Thais who are surprised that I enjoy their spicy foods such as som tam and lahb are positively shocked when I list jungle curry (gaeng ba) among my favourites. This is one dish even some Thais find too spicy. Consider yourself warned!
Ever think about where the food on your table really comes from? Maybe not, but it is sometimes a very interesting story. The fact is that a lot of plants don't originate in the places that are most associated with them. I discovered this when researching a book about Thai food a few years ago (sadly, it was never published). I found out that, although the chili pepper is widely associated with Thai cuisine, the chili plant is not native to Thailand, or even Asia. That discovery, along with the ones that followed, form the basis of this web site.
“Traveling Chili” is the story of the journeys plants have taken around the world, to end up at our supermarkets and on our tables. The facts are sometimes stranger than fiction, and there are even one or two radical make-overs along the way. This site also shares some of the local knowledge I've gained about how some foods are used, and I might even share a recipe or two.
The most recent articles published to the site are listed below.
Chinese keys, also called wild ginger or grachai in Thai, is a root in the same family as ginger. Although becoming hard to find in Bangkok, it is still quite plentiful in the markets of the north, where you'll most likely find it at the same stalls selling fresh ginger and cloud ear mushrooms. Chinese keys are probably the hardest spice to find outside of Thailand.
This has to be one of the most common dishes in Thailand, from food stalls to fancy restaurants. Some variation of this recipe will appear very regularly at the curry stalls, often several times a week. The dish is easy to prepare and can be made hours in advance, since it is quite acceptable to serve at room temperature.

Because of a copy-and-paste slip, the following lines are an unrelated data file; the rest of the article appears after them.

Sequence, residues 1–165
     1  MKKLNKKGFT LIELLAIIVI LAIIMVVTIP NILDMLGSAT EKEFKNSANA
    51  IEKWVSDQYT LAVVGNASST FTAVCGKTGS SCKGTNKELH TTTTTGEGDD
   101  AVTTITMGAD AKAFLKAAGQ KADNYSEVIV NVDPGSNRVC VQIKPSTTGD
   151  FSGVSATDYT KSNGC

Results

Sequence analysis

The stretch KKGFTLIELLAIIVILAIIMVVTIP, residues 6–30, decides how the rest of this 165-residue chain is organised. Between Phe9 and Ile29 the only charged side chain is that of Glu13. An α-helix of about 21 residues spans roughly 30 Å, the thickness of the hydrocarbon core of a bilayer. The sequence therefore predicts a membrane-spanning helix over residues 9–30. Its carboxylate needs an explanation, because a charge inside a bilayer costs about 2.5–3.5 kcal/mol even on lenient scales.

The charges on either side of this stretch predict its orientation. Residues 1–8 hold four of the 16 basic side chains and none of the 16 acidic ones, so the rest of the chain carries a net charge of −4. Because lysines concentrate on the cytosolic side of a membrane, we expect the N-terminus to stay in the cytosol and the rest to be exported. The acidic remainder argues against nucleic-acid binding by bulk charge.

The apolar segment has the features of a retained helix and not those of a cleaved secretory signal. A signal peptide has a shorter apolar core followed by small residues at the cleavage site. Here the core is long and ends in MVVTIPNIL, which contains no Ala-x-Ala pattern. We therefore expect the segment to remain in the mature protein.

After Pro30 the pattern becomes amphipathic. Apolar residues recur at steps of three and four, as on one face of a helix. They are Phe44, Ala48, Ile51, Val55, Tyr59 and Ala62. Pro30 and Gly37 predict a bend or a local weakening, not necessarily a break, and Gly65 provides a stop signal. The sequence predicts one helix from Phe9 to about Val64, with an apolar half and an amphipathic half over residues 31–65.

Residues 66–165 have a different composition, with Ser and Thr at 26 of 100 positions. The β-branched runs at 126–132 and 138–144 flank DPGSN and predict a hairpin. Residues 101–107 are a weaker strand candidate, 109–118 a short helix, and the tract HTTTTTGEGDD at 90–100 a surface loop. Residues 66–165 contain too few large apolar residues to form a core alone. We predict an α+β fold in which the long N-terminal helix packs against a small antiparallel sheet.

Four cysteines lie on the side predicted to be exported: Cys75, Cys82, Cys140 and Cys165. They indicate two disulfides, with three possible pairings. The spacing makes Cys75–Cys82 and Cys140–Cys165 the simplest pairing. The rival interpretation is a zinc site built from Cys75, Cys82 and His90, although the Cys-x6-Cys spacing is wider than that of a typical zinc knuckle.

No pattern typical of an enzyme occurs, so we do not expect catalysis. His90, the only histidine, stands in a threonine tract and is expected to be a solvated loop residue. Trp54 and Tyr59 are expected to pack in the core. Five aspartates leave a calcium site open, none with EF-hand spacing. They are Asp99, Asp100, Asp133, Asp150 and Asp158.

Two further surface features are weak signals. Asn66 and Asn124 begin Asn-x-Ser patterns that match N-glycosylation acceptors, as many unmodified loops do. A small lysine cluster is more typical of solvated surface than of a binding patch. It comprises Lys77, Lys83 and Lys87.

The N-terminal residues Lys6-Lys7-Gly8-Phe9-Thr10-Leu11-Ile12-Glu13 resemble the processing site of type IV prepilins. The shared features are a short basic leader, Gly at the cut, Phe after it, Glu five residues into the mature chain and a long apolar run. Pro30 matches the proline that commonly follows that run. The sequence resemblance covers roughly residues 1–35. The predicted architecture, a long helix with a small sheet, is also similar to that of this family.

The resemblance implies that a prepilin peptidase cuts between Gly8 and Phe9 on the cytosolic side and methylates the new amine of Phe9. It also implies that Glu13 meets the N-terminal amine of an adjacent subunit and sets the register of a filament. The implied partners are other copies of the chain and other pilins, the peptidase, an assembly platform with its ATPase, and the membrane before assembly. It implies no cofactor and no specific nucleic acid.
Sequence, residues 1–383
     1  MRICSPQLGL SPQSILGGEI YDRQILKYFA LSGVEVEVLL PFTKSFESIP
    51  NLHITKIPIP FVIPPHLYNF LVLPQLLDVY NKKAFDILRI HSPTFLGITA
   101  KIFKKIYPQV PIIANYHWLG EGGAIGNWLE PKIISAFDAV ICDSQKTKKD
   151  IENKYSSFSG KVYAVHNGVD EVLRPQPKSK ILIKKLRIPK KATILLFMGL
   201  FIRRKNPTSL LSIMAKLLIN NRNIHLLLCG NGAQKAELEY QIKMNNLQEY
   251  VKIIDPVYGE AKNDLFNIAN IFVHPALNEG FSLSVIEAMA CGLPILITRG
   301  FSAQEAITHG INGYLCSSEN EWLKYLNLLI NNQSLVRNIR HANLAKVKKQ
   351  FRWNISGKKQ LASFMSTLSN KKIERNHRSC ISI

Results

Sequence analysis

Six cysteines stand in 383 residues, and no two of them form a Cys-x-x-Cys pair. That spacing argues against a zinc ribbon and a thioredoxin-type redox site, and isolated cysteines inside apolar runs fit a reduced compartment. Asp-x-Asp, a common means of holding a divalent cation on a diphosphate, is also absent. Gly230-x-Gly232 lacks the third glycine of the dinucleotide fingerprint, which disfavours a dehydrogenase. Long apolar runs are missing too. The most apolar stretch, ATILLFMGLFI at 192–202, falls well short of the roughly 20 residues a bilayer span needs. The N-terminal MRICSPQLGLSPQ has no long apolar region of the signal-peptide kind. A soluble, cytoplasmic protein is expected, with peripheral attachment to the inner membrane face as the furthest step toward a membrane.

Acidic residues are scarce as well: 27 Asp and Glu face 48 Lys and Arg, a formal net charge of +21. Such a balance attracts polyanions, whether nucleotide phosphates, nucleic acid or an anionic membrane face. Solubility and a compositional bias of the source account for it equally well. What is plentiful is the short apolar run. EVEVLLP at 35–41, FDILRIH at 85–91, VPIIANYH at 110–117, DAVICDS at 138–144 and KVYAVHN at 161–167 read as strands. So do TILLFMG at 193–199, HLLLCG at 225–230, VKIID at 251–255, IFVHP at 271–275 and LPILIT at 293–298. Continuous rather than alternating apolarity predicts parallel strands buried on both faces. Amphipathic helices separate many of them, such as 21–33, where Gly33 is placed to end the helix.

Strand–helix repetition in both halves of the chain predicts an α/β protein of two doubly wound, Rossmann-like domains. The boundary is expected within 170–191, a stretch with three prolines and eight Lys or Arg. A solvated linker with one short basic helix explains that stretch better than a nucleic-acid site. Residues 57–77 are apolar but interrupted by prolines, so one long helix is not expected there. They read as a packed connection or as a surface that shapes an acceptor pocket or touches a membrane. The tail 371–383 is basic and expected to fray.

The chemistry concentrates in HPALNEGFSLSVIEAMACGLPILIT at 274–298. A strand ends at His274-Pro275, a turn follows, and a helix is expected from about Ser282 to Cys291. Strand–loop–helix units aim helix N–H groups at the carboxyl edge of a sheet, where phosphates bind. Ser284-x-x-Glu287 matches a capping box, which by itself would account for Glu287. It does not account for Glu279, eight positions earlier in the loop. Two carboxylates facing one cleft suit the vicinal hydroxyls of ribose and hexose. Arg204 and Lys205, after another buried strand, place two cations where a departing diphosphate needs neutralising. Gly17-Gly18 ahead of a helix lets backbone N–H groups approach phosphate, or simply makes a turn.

Clear soups (gaeng jood ) are a favourite at the curry stall. Contrary to any impressions you may have about Thai cuisine, it's not all about heat. A Thai meal is a balance between spicy, salty, sweet and sour. Clear soups provide the perfect middle ground when there are other highly seasoned dishes on the table.
Clear Soup (<em>gaeng jood</em>)
Thai name: Som Tam Tua Kaek
There are those that would insist that som tam can only be made with green papaya, but in fact Thais have created an almost infinite number of variations on the dish, using a variety of fruits and vegetables. This one offers an interesting way to dress up a simple vegetable like fresh green beans.
In Thai: Som Tam Mama
Instant noodles - often called Ramen noodles in the US - are a very popular light meal or snack in Thailand. While they may be something you thought you left behind when you left college, chances are you never ate this well back in school.
This can be a nice and easy side dish, or a way to quickly dress up tuna for a light meal. Tuna seems to offset the spiciness of the chilies, so this salad may not be as hot as it might seem from the recipe.
Use whatever type of lettuce you prefer. I like red coral but regular iceberg works nicely as well.
Glass noodle salads (yum woon sen) are one of the most common yum salads you'll find in Thailand. They can be quite light, but with a sweet and tangy taste. A bit of ground pork is the most common meat, but you can also add a few shrimp or some cooked squid if you like. You can also leave out the meat entirely for a vegetarian version.
Glass Noodles (woon sen) are made from the starch of the mung bean and water. Their almost clear quality gives them their name. Unlike other types of noodles, Glass Noodles rarely make an appearance in the types of noodle dishes eaten for lunch. They're more commonly found in hot and spicy salads, stir-fries or as fillers for clear soups (gaeng jood).